Entry-level newspaper jobs are expected to grow slightly by 2016, according to the Bureau of Labor Statistics. But thousands of jobs have been lost in newspapers since 2007.
Below are the estimated number of layoffs and buyouts in newspapers:
- 2007 – 2,293
- 2008 – 15,993
- 2009 – 14,825
- 2010 – 2,920
- 2011 – 4,190
- 2012 – 1,850 (through August)
Total – 42,071
Source: Paper Cuts
According to Baran’s Introduction to Mass Communication, “…newspapers are not dead” and “people are reading more news than ever before.” But newspapers are going through turmoil – a “disruptive transition,” as Baran describes it – as publishers cope with declining advertising revenue.
According to a 2011 report on American journalism:
…a consensus has emerged that website advertising, its rates driven down by massive available inventory, will probably never sustain a comprehensive daily news report. The clock continues to tick on finding strong supplementary revenue streams as print seems certain to stagnate or decline further.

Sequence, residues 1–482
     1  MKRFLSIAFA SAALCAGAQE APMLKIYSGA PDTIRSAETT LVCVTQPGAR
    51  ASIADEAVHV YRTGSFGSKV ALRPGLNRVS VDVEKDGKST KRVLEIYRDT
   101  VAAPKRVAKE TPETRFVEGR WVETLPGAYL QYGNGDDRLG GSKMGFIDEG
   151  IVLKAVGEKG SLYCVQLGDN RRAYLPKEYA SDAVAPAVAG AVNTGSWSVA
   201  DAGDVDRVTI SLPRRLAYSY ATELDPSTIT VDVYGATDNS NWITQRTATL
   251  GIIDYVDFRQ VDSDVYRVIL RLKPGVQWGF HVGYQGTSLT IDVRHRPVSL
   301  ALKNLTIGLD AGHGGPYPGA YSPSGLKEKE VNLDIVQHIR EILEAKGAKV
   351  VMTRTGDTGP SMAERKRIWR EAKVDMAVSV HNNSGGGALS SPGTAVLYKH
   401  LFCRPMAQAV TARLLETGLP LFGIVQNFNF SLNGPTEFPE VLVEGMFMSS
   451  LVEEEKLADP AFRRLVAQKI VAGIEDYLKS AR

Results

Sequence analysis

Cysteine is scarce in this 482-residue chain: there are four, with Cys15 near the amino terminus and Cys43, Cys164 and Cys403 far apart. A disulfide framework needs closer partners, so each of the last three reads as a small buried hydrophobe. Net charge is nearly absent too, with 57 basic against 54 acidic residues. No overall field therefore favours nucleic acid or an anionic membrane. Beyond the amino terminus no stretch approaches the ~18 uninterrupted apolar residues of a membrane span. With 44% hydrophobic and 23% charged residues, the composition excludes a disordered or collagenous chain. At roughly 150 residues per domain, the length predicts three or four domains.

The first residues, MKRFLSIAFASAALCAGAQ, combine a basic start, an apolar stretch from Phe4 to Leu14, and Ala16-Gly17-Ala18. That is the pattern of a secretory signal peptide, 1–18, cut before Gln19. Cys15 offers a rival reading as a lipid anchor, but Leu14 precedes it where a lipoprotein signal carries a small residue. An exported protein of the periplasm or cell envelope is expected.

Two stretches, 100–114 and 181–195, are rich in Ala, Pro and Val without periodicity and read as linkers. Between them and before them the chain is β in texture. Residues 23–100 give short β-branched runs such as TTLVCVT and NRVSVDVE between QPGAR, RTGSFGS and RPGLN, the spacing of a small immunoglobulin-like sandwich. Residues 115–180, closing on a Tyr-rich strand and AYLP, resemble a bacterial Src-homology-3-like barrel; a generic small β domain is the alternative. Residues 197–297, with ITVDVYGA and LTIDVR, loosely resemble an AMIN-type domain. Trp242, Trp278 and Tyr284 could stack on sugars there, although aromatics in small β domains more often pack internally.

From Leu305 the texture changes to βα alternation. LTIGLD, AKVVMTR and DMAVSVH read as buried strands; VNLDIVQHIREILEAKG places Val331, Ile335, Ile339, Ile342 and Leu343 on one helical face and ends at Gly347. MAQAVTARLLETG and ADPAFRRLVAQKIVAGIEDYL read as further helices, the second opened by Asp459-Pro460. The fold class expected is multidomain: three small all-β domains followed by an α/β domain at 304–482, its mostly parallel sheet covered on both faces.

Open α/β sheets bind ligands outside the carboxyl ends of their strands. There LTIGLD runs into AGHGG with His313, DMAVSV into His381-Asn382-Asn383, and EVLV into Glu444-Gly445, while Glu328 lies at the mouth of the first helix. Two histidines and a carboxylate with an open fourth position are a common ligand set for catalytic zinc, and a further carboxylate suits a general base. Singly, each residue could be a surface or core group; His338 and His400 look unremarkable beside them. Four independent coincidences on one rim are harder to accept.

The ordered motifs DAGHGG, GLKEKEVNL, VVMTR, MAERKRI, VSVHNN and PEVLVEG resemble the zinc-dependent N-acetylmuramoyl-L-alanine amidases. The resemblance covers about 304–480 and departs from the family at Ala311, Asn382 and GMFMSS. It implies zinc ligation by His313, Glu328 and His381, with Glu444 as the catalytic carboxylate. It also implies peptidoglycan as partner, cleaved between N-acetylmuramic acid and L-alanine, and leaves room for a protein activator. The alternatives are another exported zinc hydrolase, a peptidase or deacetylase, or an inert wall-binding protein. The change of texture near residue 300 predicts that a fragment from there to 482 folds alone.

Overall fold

Newspaper organizations continue to insist, as they have for several years now, that they are transforming themselves to take advantage of the digital future. But the path is hardly a well-marked four-lane highway, and the effort often seems comparable to chopping through the jungle with a machete.
Three notable developments in February 2011, according to the Pew Research Center’s Project for Excellence in Journalism:
- Rupert Murdoch’s News Corp. launched The Daily for Apple’s iPad. Staff: 100. Budget: At least $30 million.
- The Associated Press said it would create an independent News Licensing Group to try to make money from news content.
- AOL bought the Huffington Post for $315 million, more than double the price of the Philadelphia Inquirer in an April 2010 bankruptcy auction.
Newspaper circulation has been falling for 10 years. Among the reasons why:
- Convergence with the Internet
- Changes in newspaper readership
Still, five of 10 Americans read a newspaper every day, which equals a daily Super Bowl broadcast, Baran says.
Question for discussion:
What impact does the weakening of the newspaper industry have on the health of democratic government?